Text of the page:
Conquer Constipation: Why You’re Backed Up and How to Fix It

Disclaimer: This article contains general medical information. It is not intended to provide any recommendations or advice to a specific individual and should not be used for this purpose. All readers should discuss their own health care with their primary or specialist physicians or both. The author disclaims any responsibility for any action, or the results of any action, based on the information provided herein.

We’ve all experienced constipation at some point, but what exactly is it? Most people think of constipation as any kind of trouble having a bowel movement – either irregularity or pain, or excessive straining when one does occur. A useful working definition of constipation is having fewer than three bowel movements per week, or bowel movements that are hard, dry, or pellet-like, rendering them painful or difficult to pass. Constipation may also be manifested by a feeling of a blockage in the rectum, or a sense that you cannot fully empty all the stool.

It is a misconception that good health depends on having a bowel movement every single day. Anywhere from three times a week to three times a day can be normal. It’s all based on the individual and circumstances. For instance, constipation may affect a person who is travelling or experiencing high levels of stress. Read on to learn more about constipation, who it affects, and how you can alleviate the slow going.

All About Constipation: Signs and Symptoms

What Causes Constipation?

Idiopathic Constipation and Irritable Bowel Syndrome

The most common cause of constipation is “unknown,” or to use the medical term, idiopathic constipation. Idiopathic constipation is closely related to another disorder of unknown cause, irritable bowel syndrome (IBS). IBS is a very common condition associated with recurrent abdominal pain that begins with a change in stool frequency or form and improves with a bowel movement. It may be associated with constipation, diarrhea, or both in an alternating pattern. If your constipation is associated with bloating, crampy pain, intermittent periods of normal stools, pain that is relieved by a bowel movement, or episodes of loose stools without the use of laxatives, it is probably IBS.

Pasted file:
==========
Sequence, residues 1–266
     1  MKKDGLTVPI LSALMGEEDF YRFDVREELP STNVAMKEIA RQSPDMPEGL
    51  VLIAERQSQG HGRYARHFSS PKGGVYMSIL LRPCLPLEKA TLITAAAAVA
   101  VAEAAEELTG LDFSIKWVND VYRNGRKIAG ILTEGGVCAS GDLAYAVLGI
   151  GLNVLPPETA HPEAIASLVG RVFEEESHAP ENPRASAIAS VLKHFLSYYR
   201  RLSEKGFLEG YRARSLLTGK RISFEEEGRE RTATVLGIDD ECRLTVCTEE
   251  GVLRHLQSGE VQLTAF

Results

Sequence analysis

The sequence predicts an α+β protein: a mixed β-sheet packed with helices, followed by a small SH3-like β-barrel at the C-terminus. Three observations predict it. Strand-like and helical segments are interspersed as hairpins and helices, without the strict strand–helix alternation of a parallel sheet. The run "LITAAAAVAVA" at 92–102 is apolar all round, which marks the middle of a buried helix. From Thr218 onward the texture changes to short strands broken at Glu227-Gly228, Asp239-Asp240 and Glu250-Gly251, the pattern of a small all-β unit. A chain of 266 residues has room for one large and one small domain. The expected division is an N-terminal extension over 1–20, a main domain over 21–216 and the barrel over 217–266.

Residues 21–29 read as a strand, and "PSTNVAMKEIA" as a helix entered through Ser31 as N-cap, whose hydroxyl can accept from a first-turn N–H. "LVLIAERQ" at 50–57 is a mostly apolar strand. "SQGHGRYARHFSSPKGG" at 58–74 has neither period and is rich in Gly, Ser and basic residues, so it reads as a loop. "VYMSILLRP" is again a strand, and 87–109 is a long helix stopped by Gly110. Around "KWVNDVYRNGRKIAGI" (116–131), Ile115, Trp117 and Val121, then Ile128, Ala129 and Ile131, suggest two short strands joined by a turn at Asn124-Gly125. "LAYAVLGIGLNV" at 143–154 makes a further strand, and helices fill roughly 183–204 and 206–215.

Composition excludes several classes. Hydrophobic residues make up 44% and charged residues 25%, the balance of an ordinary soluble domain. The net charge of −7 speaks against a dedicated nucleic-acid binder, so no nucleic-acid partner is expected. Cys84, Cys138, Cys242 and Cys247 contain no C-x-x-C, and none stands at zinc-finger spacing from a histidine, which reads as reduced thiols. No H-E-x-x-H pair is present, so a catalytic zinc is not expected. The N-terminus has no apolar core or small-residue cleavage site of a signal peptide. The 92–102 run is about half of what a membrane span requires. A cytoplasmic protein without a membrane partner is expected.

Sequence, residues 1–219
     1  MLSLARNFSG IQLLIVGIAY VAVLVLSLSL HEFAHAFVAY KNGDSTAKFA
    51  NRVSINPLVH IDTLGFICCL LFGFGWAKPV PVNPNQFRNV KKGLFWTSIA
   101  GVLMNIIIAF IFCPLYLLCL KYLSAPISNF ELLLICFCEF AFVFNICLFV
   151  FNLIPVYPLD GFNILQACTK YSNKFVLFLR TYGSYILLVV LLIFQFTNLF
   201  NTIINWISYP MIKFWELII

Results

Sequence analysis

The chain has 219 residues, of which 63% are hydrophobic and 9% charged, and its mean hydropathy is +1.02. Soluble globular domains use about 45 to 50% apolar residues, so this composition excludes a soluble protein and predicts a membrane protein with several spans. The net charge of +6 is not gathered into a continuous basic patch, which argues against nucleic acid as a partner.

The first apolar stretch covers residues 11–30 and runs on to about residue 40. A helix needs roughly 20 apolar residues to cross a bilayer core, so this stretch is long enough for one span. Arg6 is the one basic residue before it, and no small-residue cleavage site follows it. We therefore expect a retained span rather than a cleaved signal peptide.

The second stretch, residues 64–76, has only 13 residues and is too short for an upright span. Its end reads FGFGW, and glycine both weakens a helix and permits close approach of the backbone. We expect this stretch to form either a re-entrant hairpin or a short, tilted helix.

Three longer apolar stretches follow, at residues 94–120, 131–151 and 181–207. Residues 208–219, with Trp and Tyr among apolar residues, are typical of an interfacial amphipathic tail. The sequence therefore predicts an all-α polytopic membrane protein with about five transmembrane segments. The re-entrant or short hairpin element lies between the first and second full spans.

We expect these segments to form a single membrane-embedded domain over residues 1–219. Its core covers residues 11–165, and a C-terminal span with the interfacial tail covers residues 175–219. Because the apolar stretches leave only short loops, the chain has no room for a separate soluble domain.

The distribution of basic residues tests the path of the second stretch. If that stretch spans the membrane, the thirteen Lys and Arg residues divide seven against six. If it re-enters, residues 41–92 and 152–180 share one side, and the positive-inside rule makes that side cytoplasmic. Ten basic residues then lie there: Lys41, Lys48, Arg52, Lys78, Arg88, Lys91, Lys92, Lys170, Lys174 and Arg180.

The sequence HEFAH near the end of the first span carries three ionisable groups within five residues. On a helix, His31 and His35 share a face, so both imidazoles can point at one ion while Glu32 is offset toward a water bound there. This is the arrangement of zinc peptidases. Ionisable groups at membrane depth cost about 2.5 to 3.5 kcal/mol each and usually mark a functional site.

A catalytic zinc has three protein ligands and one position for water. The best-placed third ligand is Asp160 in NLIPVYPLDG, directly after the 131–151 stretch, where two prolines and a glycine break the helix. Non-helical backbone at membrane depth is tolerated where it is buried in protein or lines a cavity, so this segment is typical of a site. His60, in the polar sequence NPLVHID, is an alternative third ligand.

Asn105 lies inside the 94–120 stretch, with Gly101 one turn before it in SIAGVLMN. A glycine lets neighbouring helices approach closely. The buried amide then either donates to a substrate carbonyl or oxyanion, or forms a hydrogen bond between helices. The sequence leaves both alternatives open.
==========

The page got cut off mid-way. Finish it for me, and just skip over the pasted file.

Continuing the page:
Many drugs can cause constipation; check with your doctor to see if any medications you take may contribute to constipation. These are the most common ones that cause constipation:

  • Opioids (narcotics): Vicodin, Percocet, Oxy-Contin, and many others
  • Blood pressure medications
  • Iron
  • Antacids containing aluminum
  • Sucralfate (Carafate)
  • Antihistamines
  • Antidepressants

Risk Factors, Diseases, or Conditions

Constipation is more common in women, non-Caucasians, and the elderly. It may run in families. Other risk factors, diseases, and conditions include:

  • Poor diet that includes a lot of processed food and lacks fiber
  • Lack of exercise
  • Being too busy to go to the bathroom when the need arises
  • Pregnancy
  • Diabetes mellitus
  • Multiple sclerosis
  • Spinal cord injury
  • Parkinson’s disease
  • Decreased thyroid or parathyroid function
  • Scleroderma
  • Anorexia nervosa
  • Gastrointestinal diseases
    • Anal fissure
    • A tiny tear in the anus that can cause bleeding and severe pain